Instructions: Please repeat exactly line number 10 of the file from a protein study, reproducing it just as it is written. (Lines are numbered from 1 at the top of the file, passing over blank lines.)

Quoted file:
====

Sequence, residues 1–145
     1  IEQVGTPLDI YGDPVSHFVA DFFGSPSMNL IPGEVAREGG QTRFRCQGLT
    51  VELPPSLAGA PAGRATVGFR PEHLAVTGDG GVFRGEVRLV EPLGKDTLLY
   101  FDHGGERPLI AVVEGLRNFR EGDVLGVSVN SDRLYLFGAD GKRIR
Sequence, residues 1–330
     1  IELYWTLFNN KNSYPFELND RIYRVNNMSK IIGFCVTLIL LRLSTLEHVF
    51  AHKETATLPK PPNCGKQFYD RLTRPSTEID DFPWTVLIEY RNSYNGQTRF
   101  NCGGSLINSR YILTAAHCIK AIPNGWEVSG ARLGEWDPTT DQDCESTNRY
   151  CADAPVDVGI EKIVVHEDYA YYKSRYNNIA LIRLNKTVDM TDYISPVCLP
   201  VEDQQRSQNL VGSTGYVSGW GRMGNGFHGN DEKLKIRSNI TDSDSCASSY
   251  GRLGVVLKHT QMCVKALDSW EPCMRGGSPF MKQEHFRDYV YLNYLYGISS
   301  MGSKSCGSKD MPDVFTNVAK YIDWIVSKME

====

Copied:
   201  VEDQQRSQNL VGSTGYVSGW GRMGNGFHGN DEKLKIRSNI TDSDSCASSY